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An age-old murder mystery and the hunt for redemption

With so many novels having centred on the solving of a decades-old murder, how is it possible to come up with something unhackneyed in this much-trodden territory?

Peter Robinson's solution in Before the Poison is not exactly innovatory, and the cracking in the present of a long-forgotten mystery from the past has many antecedents - Josephine Tey's The Daughter of Time, for one. But for an old hand at the crime genre such as Robinson, there are still fresh angles to be found.

What we are given here is essentially a ghost story without the ghosts. Chris Lowndes has been making a lucrative living in Hollywood writing the music for big-budget films. Lowndes's own soul is more stirred by Schubert piano sonatas, and his dream is to retire to his native Yorkshire to get down to some serious composition with his much-loved wife Laura. But Lowndes's life is thrown into disarray when Laura dies (we are not immediately told the circumstances), and he finds himself back in England alone in his impressive old house desperately struggling with grief.

A ghost walks the oak-panelled corridors of Kilnsgate: a woman who has been dead for 60 years. Elizabeth Fox, however, is not a supernatural presence, but still takes over Lowndes's life when he learns that she was hanged for the murder of her spouse. A variety of matters contrive to make Lowndes believe she was innocent, and he begins a trawl through history (much in the fashion of Tey's novel), gradually becoming obsessed with proving her innocence. A trip abroad to meet someone who had a sexual relationship with Elizabeth is revealing, but it is the dead woman's journal that leads to the real unearthing of secrets.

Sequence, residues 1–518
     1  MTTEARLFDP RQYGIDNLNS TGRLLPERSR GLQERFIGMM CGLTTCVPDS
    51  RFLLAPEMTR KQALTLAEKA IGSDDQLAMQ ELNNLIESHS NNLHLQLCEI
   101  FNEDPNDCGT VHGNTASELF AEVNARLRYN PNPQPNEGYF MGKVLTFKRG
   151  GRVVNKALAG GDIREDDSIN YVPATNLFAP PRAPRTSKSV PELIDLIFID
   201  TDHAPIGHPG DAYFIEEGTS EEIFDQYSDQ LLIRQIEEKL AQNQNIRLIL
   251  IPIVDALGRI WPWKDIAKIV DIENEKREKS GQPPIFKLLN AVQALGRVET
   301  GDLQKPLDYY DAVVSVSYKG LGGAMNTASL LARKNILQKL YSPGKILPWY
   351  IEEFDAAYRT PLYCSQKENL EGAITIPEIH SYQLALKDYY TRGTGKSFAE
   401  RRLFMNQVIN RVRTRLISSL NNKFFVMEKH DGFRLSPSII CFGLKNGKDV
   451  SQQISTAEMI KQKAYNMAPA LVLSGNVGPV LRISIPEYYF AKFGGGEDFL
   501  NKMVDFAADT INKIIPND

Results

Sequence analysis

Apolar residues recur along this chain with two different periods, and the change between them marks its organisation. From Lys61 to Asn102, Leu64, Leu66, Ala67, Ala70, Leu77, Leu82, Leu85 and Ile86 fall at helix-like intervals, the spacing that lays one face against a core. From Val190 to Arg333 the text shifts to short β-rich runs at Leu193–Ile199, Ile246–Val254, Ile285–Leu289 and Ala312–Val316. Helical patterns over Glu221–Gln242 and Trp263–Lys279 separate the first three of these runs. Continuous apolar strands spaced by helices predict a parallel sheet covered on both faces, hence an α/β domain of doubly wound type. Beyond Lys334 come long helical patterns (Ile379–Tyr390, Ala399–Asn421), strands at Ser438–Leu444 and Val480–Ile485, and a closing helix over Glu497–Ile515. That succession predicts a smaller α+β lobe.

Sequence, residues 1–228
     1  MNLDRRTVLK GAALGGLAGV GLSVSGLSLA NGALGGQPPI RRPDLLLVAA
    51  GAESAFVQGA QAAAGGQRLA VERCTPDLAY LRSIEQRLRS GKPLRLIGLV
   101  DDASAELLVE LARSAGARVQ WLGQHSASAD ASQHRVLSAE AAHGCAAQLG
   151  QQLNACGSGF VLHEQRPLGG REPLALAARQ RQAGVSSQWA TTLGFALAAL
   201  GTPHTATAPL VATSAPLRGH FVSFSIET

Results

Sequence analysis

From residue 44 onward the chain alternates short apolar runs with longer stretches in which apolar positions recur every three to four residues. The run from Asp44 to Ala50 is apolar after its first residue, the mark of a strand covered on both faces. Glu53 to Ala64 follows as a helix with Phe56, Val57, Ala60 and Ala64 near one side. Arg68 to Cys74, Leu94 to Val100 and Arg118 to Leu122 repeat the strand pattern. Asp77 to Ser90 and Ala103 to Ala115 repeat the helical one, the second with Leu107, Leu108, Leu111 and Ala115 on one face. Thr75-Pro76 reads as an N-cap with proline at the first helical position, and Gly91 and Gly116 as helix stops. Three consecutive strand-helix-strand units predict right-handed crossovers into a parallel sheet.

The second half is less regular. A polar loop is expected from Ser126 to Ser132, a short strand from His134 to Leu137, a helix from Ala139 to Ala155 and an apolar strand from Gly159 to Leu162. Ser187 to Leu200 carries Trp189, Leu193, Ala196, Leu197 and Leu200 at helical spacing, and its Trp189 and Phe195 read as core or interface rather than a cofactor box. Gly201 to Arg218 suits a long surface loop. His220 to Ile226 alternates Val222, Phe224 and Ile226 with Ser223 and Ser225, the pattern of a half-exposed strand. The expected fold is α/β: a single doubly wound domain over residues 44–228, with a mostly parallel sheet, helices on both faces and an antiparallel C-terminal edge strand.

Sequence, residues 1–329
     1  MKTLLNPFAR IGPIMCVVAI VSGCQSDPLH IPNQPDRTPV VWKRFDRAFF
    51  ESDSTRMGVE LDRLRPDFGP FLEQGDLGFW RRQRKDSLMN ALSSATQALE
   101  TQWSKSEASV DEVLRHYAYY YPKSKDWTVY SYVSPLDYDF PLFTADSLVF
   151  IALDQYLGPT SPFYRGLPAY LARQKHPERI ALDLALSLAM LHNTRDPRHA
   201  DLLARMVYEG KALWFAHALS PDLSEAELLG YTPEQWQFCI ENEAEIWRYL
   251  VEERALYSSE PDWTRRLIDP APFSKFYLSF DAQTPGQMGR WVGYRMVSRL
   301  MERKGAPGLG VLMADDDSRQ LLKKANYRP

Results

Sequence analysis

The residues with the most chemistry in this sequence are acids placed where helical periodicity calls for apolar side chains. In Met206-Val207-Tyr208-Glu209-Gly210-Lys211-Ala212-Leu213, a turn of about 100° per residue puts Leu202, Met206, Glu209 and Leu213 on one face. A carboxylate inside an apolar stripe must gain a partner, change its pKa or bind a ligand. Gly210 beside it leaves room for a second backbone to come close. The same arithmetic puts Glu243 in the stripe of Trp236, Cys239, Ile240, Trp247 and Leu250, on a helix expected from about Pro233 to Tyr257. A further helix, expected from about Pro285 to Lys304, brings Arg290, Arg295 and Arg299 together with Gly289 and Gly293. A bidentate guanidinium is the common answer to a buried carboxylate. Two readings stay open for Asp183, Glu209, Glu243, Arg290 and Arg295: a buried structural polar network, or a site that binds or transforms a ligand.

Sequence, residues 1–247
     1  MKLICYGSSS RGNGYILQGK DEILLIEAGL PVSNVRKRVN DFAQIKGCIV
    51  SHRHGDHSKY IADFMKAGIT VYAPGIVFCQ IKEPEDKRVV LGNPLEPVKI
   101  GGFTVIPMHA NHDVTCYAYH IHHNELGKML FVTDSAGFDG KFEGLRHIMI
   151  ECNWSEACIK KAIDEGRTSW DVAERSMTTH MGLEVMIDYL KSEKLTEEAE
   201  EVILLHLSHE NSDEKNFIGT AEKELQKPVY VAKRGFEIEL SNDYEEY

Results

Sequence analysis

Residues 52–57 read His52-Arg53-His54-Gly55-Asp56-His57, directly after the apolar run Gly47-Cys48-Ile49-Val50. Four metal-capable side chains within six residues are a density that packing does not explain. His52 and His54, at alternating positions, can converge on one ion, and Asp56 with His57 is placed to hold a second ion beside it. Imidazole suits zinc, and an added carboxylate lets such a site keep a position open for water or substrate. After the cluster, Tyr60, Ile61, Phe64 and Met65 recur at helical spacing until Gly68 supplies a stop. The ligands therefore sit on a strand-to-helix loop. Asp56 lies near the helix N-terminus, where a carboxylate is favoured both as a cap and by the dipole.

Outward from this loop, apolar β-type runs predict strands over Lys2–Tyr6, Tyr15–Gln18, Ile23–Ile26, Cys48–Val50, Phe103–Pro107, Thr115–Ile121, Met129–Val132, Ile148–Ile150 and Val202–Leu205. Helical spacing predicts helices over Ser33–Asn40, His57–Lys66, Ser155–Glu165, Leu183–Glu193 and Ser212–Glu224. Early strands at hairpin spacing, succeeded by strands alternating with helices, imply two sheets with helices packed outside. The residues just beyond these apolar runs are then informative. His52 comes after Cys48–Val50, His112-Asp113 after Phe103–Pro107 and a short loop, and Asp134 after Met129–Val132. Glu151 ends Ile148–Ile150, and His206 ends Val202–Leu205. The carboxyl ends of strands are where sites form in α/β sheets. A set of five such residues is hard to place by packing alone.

The revelations in store for the grief-troubled protagonist involve government complicity in mass murder; the sexual mores of an earlier era and the limits of personal responsibility - as painfully evidenced in the actions of the central character.

In a very different way - but with just as much significance - guilt is at the centre of Robinson's new novel just as it is in his more straightforward police procedurals.

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